services: 35% (1996 est.)

Population below poverty line: 50% (1991 est.)

Household income or consumption by percentage share:
lowest 10%: 0.5%
highest 10%: 42.4% (1991)

Inflation rate (consumer prices): 5.5% (1999)

Labor force: 480,000

Labor force - by occupation: agriculture 78%

Unemployment rate: NA%

Budget: $NA

Industries: agricultural products processing, beer, soft drinks

Industrial production growth rate: 2.6% (1997 est.)

Electricity - production: 40 million kWh (1998)

Electricity - production by source:
fossil fuel: 100%
hydro: 0%
nuclear: 0%
other: 0% (1998)

Electricity - consumption: 37 million kWh (1998)

Electricity - exports: 0 kWh (1998)

Electricity - imports: 0 kWh (1998)

Agriculture - products: rice, corn, beans, cassava (tapioca), cashew nuts, peanuts, palm kernels, cotton; timber; fish

Exports: $26.8 million (f.o.b., 1998)

Exports - commodities: cashew nuts 70%, shrimp, peanuts, palm kernels, sawn lumber (1996)

Exports - partners: India 59%, Singapore 12%, Italy 10% (1997)

Imports: $22.9 million (f.o.b., 1998)

Imports - commodities: foodstuffs, machinery and transport equipment, petroleum products (1996)

Imports - partners: Portugal 26%, France 8%, Senegal 8%, Netherlands 7% (1997)

Debt - external: $921 million (1997 est.)

Economic aid - recipient: $115.4 million (1995)

Currency: 1 Communaute Financiere Africaine franc (CFAF) = 100 centimes

Exchange rates: Communaute Financiere Africaine francs (CFAF) per US$1 - 647.25 (January 2000), 615.70 (1999), 589.95 (1998), 583.67 (1997); Guinea-Bissauan pesos (PG) per US$1 - 26,373 (1996), 18,073 (1995)
note: as of 1 May 1997, Guinea-Bissau adopted the CFA franc as the national currency following its membership in BCEAO; since 1 January 1999, the CFAF is pegged to the euro at a rate of 655.957 CFA francs per euro

Fiscal year: calendar year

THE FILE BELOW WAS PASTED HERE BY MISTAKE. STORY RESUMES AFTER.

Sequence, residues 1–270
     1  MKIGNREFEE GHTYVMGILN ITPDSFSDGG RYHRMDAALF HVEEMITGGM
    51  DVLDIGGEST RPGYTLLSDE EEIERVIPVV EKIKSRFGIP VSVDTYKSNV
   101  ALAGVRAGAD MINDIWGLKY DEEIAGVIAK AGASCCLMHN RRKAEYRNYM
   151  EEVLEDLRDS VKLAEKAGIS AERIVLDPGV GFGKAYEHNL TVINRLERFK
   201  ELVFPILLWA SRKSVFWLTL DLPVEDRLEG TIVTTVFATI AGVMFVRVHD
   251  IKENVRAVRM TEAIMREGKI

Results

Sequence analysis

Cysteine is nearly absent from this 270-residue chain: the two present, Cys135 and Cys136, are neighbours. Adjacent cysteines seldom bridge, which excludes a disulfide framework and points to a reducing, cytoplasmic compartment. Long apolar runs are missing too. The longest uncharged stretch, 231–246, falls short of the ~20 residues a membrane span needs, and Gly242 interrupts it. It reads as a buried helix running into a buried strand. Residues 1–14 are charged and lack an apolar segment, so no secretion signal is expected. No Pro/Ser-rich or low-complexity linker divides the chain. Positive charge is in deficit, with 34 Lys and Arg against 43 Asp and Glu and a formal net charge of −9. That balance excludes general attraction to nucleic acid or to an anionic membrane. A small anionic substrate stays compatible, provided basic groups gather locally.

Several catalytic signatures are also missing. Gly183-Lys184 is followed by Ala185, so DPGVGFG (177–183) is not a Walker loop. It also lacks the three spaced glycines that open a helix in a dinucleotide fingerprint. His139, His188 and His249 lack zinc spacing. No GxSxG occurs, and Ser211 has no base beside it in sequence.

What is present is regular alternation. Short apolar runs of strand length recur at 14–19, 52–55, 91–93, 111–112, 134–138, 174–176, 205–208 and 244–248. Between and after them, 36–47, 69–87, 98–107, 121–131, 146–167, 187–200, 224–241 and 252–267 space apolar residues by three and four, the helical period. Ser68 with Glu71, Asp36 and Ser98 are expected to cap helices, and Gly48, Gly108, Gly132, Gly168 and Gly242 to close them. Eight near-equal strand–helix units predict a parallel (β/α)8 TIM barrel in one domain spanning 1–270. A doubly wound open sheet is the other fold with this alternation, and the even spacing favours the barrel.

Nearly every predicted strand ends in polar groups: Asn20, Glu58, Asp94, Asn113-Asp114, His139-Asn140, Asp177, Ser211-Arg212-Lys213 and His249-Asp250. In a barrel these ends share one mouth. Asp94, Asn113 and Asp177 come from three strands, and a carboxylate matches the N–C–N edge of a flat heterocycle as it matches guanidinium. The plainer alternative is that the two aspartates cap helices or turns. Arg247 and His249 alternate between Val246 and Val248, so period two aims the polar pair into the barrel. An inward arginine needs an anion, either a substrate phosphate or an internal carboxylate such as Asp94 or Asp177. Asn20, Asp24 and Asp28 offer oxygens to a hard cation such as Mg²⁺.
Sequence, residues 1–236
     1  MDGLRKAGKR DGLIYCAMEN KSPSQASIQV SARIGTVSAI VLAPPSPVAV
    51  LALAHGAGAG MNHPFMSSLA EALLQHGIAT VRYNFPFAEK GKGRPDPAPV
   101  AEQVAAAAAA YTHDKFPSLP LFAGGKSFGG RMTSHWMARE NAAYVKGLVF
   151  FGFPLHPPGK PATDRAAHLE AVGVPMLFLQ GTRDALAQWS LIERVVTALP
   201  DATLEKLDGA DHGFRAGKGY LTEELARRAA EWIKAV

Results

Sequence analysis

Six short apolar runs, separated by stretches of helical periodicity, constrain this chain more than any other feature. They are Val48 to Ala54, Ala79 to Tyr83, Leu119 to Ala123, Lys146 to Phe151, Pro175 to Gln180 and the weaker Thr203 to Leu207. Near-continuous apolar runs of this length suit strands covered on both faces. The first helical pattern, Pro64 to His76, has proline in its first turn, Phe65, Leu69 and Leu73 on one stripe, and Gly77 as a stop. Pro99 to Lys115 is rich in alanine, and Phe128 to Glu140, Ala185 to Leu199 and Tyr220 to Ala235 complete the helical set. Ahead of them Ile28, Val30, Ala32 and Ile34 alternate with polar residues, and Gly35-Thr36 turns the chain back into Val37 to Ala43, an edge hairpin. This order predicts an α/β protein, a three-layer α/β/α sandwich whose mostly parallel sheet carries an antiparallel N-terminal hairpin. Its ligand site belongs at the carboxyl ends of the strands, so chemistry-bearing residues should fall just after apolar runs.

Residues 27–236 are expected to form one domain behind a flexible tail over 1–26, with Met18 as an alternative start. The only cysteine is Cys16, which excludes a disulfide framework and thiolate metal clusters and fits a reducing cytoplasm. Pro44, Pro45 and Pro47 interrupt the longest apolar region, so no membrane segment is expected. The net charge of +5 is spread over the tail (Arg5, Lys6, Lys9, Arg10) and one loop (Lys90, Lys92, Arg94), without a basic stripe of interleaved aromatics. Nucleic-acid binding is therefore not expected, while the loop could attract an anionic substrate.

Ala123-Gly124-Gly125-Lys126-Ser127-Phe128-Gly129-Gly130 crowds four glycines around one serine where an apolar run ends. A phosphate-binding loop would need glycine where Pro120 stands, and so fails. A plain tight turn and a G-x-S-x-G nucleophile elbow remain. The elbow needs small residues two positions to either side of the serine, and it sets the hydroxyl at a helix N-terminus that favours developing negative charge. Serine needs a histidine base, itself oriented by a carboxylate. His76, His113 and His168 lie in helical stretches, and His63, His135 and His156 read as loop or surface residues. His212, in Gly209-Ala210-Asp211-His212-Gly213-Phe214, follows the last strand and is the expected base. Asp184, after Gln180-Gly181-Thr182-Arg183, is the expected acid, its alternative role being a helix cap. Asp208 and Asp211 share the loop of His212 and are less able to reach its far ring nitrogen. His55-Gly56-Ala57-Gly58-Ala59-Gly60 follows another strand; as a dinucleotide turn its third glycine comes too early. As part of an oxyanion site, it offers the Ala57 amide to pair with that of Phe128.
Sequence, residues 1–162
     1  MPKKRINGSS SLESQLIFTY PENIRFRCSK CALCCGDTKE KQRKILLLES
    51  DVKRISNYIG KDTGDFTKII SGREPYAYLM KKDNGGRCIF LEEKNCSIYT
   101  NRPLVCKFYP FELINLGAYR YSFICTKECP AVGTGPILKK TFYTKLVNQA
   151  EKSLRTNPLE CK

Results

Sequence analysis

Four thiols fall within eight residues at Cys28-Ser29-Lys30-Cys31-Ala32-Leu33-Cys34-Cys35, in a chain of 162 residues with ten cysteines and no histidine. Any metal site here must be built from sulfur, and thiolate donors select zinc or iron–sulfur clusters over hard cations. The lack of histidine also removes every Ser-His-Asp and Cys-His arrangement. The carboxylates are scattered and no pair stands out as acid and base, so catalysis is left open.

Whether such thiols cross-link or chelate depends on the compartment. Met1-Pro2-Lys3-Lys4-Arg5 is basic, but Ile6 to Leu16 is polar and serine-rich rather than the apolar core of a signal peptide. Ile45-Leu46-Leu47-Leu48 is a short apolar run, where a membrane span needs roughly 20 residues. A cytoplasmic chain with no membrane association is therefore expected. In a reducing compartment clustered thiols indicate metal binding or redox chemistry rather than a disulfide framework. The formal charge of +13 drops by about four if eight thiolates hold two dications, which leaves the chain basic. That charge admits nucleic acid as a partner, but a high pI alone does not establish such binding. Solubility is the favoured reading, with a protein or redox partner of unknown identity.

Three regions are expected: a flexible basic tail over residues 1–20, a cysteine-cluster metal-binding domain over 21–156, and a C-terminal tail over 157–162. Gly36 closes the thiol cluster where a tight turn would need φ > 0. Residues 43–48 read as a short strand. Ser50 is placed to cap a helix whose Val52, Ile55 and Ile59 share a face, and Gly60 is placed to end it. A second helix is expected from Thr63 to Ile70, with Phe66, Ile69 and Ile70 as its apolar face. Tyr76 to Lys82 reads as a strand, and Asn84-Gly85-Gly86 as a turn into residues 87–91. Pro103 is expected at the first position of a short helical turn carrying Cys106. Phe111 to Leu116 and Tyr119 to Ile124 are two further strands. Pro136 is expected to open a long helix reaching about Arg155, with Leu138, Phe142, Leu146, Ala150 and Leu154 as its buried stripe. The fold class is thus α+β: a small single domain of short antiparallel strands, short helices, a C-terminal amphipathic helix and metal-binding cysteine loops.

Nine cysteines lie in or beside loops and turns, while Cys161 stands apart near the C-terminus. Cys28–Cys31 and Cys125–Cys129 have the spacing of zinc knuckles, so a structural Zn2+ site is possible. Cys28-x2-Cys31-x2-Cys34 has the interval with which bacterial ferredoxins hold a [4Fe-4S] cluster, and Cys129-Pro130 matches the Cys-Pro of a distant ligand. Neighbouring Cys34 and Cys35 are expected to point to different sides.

Communications

Telephones - main lines in use: 13,120 (1995)

Telephones - mobile cellular: NA

Telephone system: small system
domestic: combination of microwave radio relay, open-wire lines, radiotelephone, and cellular communications
international: NA

Radio broadcast stations: AM 1, FM 2, shortwave 0 (1998)

Radios: 49,000 (1997)

Television broadcast stations: 2 (1997)

Televisions: NA

Internet Service Providers (ISPs): NA

Transportation

Railways: 0 km

Highways:
total: 4,400 km
paved: 453 km
unpaved: 3,947 km (1996 est.)

Waterways: several rivers are accessible to coastal shipping

Ports and harbors: Bissau, Buba, Cacheu, Farim

Merchant marine: none (1999 est.)

Airports: 30 (1999 est.)

Airports - with paved runways:
total: 3
over 3,047 m: 1
1,524 to 2,437 m: 1
914 to 1,523 m: 1 (1999 est.)

Airports - with unpaved runways:
total: 27
1,524 to 2,437 m: 1
914 to 1,523 m: 4
under 914 m: 22 (1999 est.)

Military

Military branches: People's Revolutionary Armed Force (FARP; includes Army, Navy, and Air Force), paramilitary force

Military manpower - availability:
males age 15-49: 296,482 (2000 est.)

Military manpower - fit for military service:
males age 15-49: 168,930 (2000 est.)

Military expenditures - dollar figure: $8 million (FY96)

Military expenditures - % of GDP: 2.8% (FY96)

Transnational Issues

Disputes - international: none